1. user-7638307 | | #16

      James, any recommended articles on using helical piles for houses/cabins? I see a lot of articles about using them for decks or to support old house footings, but not much about their use in new construction for houses.

  2. user-7638307 | | #2

    Thanks for the reply! :) I hadn't though much about ventilation yet. Would an HRV be a good option for that? I was trying to go ductless to keep things simple, but am open to suggestions. As far as the kitchen, would a kitchen hood vented straight through the wall to the outside of the house make sense? Likewise with perhaps an exhaust fan from the bathroom to the outside?

    Could you expand on the dehumidifier? I'm not sure I'm completely following on what a split system plus mini-split would be.

    How would I figure out the air barrier line? What do you mean by material lift?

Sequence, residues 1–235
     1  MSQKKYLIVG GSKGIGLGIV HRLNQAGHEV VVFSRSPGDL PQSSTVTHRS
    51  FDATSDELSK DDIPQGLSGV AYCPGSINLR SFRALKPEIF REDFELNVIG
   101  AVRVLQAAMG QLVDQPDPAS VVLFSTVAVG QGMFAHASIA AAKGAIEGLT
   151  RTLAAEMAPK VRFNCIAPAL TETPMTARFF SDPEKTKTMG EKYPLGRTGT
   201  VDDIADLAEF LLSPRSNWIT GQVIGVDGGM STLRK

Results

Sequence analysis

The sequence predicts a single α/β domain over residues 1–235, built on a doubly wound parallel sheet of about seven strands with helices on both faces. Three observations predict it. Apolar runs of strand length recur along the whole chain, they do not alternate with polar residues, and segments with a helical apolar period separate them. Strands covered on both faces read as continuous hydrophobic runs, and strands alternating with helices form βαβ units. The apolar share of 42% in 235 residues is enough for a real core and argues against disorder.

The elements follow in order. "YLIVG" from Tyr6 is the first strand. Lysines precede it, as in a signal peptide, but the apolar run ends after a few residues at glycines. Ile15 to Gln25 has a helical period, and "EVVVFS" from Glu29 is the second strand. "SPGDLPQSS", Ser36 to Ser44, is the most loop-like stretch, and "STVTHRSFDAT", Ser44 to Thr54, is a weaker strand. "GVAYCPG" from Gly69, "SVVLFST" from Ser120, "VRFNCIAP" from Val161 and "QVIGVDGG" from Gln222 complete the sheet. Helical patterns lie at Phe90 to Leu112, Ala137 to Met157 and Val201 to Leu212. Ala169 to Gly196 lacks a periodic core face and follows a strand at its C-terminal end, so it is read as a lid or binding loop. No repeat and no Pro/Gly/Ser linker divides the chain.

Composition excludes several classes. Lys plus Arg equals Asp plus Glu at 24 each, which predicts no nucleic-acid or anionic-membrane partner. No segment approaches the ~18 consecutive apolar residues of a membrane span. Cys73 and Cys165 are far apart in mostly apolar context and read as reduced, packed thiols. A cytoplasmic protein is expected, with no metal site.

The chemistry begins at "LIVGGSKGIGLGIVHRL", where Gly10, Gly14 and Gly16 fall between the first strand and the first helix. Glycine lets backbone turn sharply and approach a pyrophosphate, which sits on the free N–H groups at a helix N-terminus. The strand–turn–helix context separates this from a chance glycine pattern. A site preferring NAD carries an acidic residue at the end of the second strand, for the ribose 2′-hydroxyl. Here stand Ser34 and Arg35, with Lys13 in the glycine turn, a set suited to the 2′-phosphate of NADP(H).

1. jameshowison | | #9

      A couple of links for yah:

      Material lift are the things lifting up the floor system here:

      Split dehumidifier:

      Yes, HRV for ventilation.

      Air-sealing line means a continuous line in the plans that you say, “this is the air-barrier” and you can run a pencil all the way around without lifting it off the plans. Lots on that in Martin’s guides on the site :)

      1. user-7638307 | | #10

        Thanks James! Reading the links now :)

  3. walta100 | | #3

    If the first floor is a concrete slab why do you need piers and sub floor insulation?

    To my eye the loft looks small relative to the space you lose to the staircase needed to access the loft.

    I am getting old and do not want to climb a latter or a steep and narrow stair. If you have acreage put it on one floor.

    The sloped ceiling force you into foam insulated roof that is best located on the exterior.


  4. Expert Member


    To get useful advice you need to make some more choices so you can get advice on whether they make sense or not. As Walter said, right now there is no point in commenting on the structure if you d0n't know what the foundation will be - and that carries on though your list. For example: You won't have any floor trusses if you use a slab. You can't have a load-bearing wall under the ridge if you have continuous floor trusses below.